Proceeds from 'safe & sane' fireworks go to good causes

This is the one and only week of the year that ‘safe & sane’ fireworks can be sold in California. Almost all of the proceeds go to good causes. 

But, in the Bay Area, there are fewer fireworks stands selling more expensive fireworks, made more expensive by shortages and shipping problems from China.

Fireworks stands are rapidly becoming an endangered species. And that, would be a big loss to the community service and educational organizations that get a substantial part of their incomes from fireworks sales the week of the 4th of July. 

"This fundraiser is vital to our budget. It, you know, helps pay for uniforms and equipment for different sports, different needs for around the campus, pays for officials, pays for everything we do; transportation for athletics," said Dublin's Valley Christian High Athletics Director Jeff Gadd. 

"We raise money for the school, for any events at the school. It also goes toward the teachers and things they need for their classrooms. We do a lot of disability awareness and cultural awareness as well. I think this it's a part of why we've been able to do this for so long because we offer an alternative to illegal fireworks," said Jennifer Smith a fireworks booth organizer at Dublin's Murray Elementary School.

Even though safe & sane fireworks do not explode, fly or move on the ground in an uncontrolled way, they can and do start fires. But more cities and counties are saying 'no' to even so-called safe & sane fireworks.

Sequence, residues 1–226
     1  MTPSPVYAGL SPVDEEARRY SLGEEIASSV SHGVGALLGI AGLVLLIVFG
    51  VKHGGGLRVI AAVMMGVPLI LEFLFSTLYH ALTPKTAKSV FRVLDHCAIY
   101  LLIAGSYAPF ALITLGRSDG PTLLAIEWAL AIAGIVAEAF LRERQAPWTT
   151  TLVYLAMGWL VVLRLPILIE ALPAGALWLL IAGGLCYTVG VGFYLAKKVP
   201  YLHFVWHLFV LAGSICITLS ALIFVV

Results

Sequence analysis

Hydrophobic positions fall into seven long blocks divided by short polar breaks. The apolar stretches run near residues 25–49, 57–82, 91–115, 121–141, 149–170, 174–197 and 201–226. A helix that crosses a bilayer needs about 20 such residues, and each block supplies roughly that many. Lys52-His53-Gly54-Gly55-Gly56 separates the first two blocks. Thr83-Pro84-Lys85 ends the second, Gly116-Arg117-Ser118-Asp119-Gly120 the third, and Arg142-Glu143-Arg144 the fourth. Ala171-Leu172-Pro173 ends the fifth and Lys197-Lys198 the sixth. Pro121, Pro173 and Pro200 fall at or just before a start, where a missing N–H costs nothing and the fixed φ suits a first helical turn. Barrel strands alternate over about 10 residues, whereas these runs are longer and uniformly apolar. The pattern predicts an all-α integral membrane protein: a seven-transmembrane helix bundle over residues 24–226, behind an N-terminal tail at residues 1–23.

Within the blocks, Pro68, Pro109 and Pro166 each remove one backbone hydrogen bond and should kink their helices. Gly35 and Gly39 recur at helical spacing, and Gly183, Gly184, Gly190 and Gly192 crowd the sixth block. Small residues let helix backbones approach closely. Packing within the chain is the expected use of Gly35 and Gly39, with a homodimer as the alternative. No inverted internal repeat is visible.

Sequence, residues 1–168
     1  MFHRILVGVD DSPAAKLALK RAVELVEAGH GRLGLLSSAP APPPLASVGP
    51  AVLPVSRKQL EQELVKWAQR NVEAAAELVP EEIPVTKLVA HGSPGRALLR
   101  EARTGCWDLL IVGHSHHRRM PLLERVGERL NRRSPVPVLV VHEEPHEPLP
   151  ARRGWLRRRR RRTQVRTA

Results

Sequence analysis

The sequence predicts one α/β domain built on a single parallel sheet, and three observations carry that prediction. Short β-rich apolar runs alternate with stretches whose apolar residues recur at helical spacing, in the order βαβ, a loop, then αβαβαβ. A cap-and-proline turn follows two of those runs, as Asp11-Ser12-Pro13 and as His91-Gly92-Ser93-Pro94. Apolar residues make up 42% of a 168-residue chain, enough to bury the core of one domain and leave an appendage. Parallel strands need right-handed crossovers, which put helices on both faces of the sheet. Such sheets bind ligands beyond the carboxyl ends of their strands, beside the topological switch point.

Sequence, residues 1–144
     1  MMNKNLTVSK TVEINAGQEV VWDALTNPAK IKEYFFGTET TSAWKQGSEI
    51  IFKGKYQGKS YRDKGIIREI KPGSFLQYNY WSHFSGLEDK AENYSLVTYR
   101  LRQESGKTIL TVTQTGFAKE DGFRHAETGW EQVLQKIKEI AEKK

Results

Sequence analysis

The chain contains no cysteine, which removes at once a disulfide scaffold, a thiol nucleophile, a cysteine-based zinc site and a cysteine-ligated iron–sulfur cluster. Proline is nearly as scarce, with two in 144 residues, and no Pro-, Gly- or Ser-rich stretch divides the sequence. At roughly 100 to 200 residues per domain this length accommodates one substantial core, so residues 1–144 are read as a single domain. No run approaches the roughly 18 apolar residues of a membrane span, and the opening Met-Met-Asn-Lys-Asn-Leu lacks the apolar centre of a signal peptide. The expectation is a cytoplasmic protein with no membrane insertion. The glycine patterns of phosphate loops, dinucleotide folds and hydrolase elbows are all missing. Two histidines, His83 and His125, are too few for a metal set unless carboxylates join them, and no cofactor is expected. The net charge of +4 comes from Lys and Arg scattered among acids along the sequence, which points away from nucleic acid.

"I do have that concern. I've been running this for seven years and it's such a great fundraiser and I get afraid every year that they're gonna say it's not safe, too dry, too many fires. The amount of groups doing it is less. I think that's part of the reality," said Valley Christian High's Gadd. 

"Just with there being fewer and fewer cities, we are concerned. This is our biggest fundraiser for our schools." said Murray Elementary School's Smith.

Whether it’s from failure to watch youngsters using them, igniting them in the wrong places, carelessness or indifference, the fiery results can be real and devastating. 

"Dublin has done a great job of setting designated parks, You can come together instead of in a parking lot. There's three or four different parks in the city," said Gadd.

Currently, about 300 communities statewide, only 11 towns in four Bay Area counties allow safe & sane fireworks, but 100% of communities, as well as the state, totally outlaw illegal fireworks in any form at any time.